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By 23 weeks pregnant your baby is growing in size at quite a rate and it may seem like you’ve been pregnant forever.

You are deep into your second trimester now. It’s all getting very exciting, isn’t it! Nearing the point of choosing a name and buying baby products is always an enjoyable experience. Enjoy every moment of it.

Let’s take a look at what you need to know as you and your baby pass the halfway mark in your pregnancy.

How big is my baby?

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In your 23rd week of pregnancy, your baby will have reached the size of a mango. Your little person will now measure a whopping 11 inches in length and should weigh around 490g (that’s as heavy as a loaf of bread!).

What’s my baby doing at 23 weeks pregnant?

Movers & shakers

You might start to feel some movements this week as your baby starts to push out against your tummy. Remember that every pregnancy is different so don’t be concerned if you haven’t felt anything yet.

Your baby will also start moving from side to side and head over heels this week! The inner, which is needed for balance, will fully develop this week and this gives your baby a sense of balance. Amazingly, your baby can now tell if they are upside down or facing the right way up.

Lungs & weight gains

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The lungs of your baby at 23 weeks pregnant will continue developing and there should also be some serious weight gain. Your baby will double its weight within the next 3-4 weeks, and you might start to feel this too. This weight gain provides your baby with support and structure, as it grows in size and puts on more body fat.

Changes in your body

Urine infections

You need to be mindful of infections in week 23 of pregnancy. Urine intended for the bladder might go back towards the kidneys. This happens due to hormonal changes taking place in your body and can cause infections like cystitis or a urinary tract infection (UTI).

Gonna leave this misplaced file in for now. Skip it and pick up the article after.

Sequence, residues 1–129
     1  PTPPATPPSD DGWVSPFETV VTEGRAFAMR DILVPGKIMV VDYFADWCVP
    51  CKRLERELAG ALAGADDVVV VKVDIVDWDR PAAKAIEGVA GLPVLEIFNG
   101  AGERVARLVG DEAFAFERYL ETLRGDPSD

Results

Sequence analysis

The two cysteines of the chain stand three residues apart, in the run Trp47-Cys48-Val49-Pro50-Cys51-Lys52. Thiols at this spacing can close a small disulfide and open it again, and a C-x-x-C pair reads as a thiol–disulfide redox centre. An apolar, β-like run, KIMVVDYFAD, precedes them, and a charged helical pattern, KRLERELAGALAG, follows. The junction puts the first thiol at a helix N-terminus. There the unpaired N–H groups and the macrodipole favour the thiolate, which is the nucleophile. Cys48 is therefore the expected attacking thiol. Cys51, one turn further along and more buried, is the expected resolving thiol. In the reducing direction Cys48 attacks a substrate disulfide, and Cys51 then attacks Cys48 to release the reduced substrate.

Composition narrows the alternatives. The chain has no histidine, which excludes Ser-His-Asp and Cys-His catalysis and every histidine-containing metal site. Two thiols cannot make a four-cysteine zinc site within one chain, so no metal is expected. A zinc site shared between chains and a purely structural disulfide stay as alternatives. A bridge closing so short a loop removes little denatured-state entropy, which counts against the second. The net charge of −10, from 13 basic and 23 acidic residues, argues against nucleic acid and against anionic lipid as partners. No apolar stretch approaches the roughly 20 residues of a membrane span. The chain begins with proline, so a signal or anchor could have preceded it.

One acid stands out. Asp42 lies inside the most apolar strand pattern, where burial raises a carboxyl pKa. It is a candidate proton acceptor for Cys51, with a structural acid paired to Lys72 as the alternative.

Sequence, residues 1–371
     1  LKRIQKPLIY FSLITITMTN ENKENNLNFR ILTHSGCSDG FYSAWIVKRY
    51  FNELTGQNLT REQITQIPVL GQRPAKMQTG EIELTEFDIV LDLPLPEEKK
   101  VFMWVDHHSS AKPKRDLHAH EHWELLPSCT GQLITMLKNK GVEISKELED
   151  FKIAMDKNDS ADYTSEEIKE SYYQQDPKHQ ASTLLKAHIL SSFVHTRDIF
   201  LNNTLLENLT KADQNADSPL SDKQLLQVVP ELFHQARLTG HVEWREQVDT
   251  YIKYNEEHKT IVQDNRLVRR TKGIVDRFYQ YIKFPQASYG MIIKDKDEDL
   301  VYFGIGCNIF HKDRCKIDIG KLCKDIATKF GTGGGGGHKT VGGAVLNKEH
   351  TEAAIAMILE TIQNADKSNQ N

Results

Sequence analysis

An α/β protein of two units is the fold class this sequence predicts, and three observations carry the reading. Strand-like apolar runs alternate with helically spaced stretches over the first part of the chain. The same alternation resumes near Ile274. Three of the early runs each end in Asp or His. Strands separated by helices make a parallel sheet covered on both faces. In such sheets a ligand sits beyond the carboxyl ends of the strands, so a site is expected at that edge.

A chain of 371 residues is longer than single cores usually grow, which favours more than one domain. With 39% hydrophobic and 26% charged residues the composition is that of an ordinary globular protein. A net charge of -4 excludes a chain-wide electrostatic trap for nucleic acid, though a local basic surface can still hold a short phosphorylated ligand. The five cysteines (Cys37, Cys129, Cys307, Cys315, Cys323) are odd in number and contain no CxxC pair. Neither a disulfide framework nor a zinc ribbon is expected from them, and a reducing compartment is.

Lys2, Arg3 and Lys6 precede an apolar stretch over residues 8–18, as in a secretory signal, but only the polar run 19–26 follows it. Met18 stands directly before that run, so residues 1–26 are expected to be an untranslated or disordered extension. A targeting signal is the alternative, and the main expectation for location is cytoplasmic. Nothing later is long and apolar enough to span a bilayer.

If you notice any pain or a burning sensation when going to the toilet, or if you see any blood in your urine, book an appointment to see your GP immediately. 

Brain fog

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You may also suffer from a foggy brain (known as a baby brain) due to those pesky hormones and general tiredness. This is very normal and your brain and memory will return to normal after birth. Now is a good time to eat lots of Omega 3-rich foods because these foods help alleviate brain fog and are great for your baby.

Why is milk coming out of my breasts?

Many women notice enlarged breasts and some leakage of colostrum, which is an early type of breast milk. This often acts as a reminder to start thinking about how you want to feed your newborn baby. There are many benefits for you and your baby associated with breastfeeding. It provides your baby with a massive immune boost to help fight off infection and also reduces your risk of breast cancer. Breastfeeding can also burn off a whopping 250 calories a day!

Remember, choosing to breastfeed is always your decision. It isn’t for everyone which is why formula milk infant nutrition is so popular and widespread now. Speak to your midwife and ask to be taken through your options.

Things to do in week 23

Sleeping

You may be finding it hard to get a good night’s sleep. In fact, a massive 80 % of women experience sleep problems at some point during a pregnancy. There is a lot going on within your body and brain throughout your pregnancy and sleep can feel elusive. Lots of women find it a relief to slide a pillow between their legs and sleep with their knees bent on their sides.

Safe exercising

Being active during pregnancy can also help with your sleep. Safe pregnancy exercise can not only help you sleep better, but it also helps you to destress and feel less anxious and depressed. When you exercise your body produces endorphins (hormones) which are linked to feelings of wellbeing.

Your pregnant body is very sensitive to endorphins produced by exercise, so this type of activity can help boost your mood and keep you relaxed. Always check with your midwife or GP that your pregnancy exercise regime is suitable and safe before commencing with your fitness programme.

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